The beginner and intermediate players can check to see if they are holding the sticks at the optimal balance point, letting the stick rebound, playing various stickings, and playing exercises with the metronome thirty seconds to a minute each with a clock. For the advanced hand technicians, they can learn to apply the formal and informal systems from It’s Your Move. (The beginner and intermediate players can get used to playing a downstroke and upstroke from this section). And once the advanced players are fluent with free stroke and Moeller, then they can combine techniques! It’s sort of like independence of techniques–one hand is doing Moeller pumping motion and the other is doing finger technique. A couple of years ago, I started experimenting with it. Another example is finger technique with one hand and half to full free strokes or stick tricks with the other. Actually, Joe Morello gave me an exercise using pumping Moeller with the left hand and playing the right hand part in Stick Control with free strokes.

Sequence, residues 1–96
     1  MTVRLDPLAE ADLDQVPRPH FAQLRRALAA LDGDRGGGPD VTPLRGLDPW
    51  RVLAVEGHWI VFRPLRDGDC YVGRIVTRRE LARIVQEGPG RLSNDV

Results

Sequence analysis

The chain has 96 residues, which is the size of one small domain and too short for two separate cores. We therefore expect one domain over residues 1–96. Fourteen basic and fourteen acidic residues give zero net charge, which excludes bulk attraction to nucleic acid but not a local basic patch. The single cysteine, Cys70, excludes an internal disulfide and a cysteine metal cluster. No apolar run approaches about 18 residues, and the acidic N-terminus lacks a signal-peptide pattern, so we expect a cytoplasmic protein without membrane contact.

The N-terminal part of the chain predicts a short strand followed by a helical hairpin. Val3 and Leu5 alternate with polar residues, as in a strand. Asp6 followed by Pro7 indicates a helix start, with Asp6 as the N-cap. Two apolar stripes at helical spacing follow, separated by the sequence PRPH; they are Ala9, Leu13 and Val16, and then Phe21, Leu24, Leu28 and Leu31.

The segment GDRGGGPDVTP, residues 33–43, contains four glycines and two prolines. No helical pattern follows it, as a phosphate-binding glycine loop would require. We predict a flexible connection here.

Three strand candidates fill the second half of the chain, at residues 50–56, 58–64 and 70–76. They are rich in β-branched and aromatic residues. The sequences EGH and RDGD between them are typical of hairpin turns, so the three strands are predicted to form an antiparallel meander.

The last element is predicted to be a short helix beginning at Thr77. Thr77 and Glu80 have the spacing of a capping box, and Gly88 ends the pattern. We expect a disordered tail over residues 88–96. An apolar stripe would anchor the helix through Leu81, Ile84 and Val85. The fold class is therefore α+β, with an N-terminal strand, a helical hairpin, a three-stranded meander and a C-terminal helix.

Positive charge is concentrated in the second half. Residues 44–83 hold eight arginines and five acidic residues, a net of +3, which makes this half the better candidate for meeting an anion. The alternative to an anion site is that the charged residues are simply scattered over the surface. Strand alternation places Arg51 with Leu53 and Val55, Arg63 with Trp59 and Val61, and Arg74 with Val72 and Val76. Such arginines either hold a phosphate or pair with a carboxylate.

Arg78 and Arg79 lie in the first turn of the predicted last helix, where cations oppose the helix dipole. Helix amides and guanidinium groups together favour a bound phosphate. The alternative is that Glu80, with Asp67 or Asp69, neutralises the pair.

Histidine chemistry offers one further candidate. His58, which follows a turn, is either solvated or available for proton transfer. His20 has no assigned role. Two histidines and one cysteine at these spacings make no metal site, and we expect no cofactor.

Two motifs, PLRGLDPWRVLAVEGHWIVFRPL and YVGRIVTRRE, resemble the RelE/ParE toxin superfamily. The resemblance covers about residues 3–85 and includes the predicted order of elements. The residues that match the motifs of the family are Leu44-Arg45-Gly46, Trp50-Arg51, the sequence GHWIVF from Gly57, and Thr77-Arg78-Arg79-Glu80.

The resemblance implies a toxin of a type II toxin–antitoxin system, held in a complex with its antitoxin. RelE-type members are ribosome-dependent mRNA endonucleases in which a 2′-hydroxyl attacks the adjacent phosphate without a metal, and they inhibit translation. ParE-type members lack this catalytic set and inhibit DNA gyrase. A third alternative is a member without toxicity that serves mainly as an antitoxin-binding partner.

As for foot technique, beginners can get used to the feel of a pedal, learn about heel-up and heal-down playing, and playing simple beats. Intermediate players can strengthen their ankle muscles playing off the pedal and playing double bass books. And advanced players can get in to Dom’s approach with Stick Control, Colin Bailey’s book, and Dom and Joe’s book Pedal Control. The Futz is also a great tool to build foot strength and endurance, and my friends Tim Waterson and Matt Ritter have some great, informative foot DVDs that get into different techniques.
Tell me about your teaching practice. Where do you teach and how might potential students go about getting in touch for lessons?